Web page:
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News Story
Updated: 04/25/2014 10:37:32PM

Decades later, they still remember

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SUN PHOTO BY AL HEMINGWAY

Staff Sgt. Joseph Hanzl’s photo is superimposed, showing B-26 Marauders flying overhead in the background.

SUN PHOTO BY AL HEMINGWAY

John and Betty Ann Hanzl with a part of his father’s plane presented to them in France by the villagers where it had crashed.

PHOTO PROVIDED

Part of the B-26 Marauder and Joseph Hanzl’s Purple Heart and POW Medal.

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John Hanzl thanks Michel Baudouin from the Normandy Association for Air Remembrance for the memorial to honor his father, along with those killed that night.

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Ben, Brenda, Betty Ann and John Hanzl attended the unveiling of the memorial honoring his father in June 2004.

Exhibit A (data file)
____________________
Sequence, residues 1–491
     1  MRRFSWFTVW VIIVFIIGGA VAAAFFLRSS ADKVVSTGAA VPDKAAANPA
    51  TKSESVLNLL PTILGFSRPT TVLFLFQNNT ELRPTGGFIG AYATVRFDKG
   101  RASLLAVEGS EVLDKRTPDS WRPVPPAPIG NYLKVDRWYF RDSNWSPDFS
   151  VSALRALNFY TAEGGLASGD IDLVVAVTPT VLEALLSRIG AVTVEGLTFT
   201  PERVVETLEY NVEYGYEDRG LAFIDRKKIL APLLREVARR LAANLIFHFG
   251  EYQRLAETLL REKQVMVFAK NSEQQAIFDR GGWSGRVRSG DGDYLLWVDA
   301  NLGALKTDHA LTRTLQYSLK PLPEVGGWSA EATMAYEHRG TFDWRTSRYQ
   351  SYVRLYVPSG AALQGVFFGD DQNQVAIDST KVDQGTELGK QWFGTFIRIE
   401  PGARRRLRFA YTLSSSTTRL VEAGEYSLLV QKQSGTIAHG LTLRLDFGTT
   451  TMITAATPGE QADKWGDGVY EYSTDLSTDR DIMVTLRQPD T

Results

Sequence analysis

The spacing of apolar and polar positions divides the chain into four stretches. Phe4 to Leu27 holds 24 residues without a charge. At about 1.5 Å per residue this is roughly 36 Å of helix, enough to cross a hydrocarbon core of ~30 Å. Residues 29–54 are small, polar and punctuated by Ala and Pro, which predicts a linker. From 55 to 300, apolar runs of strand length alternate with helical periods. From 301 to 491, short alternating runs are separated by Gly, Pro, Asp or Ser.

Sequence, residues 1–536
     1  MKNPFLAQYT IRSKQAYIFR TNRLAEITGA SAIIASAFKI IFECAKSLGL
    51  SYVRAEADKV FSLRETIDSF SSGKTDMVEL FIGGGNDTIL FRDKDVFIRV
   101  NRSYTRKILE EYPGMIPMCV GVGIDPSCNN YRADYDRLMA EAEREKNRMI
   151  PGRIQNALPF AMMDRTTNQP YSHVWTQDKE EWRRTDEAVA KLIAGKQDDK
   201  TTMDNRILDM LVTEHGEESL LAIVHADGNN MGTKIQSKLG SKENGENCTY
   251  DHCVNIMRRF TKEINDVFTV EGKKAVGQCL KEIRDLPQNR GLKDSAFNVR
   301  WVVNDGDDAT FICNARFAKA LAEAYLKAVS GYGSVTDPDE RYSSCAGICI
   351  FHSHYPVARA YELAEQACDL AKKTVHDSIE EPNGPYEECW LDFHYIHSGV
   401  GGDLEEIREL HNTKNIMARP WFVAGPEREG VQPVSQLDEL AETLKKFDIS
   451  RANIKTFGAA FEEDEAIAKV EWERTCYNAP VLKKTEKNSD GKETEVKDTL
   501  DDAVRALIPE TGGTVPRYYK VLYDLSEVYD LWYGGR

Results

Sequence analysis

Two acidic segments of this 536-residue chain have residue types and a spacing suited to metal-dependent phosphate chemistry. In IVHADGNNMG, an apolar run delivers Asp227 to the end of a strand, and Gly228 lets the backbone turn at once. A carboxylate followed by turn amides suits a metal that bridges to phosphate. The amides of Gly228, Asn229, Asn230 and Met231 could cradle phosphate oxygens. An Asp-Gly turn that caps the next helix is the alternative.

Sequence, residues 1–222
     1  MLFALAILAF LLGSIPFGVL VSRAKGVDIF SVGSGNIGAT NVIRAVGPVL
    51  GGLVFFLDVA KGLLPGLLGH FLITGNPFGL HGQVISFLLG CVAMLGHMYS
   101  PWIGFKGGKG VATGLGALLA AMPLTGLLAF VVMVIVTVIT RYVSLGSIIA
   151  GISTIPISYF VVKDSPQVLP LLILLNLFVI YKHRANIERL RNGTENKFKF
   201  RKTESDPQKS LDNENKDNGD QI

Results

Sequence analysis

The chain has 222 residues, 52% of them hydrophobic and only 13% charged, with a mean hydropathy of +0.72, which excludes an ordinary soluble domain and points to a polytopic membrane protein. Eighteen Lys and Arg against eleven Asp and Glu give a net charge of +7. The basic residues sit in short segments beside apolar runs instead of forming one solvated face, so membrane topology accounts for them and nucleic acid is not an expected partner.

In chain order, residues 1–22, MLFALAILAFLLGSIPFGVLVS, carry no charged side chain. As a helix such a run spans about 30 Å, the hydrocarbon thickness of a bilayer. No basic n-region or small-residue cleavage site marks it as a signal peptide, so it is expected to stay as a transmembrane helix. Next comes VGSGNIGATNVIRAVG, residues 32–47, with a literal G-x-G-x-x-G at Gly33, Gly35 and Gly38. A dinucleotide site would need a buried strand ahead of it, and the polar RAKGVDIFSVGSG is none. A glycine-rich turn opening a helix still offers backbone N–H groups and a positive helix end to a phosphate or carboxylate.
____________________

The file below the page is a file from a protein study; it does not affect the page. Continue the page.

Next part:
PHOTO PROVIDED

Taps was played to remember those who were killed to save the village of Sainte-Honorine-la-Chardonne from the Nazis in World War II.

By AL HEMINGWAY

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PUNTA GORDA — On the evening of Aug. 7, 1944, the skies over Normandy were filled with the drone from the engines of dozens of Martin B-26 Marauders.

The twin-engine aircraft were flying bombing runs to cut off the retreat of thousands of German troops to the east, and to prevent the flow of supplies as the Allies drove deeper into France.

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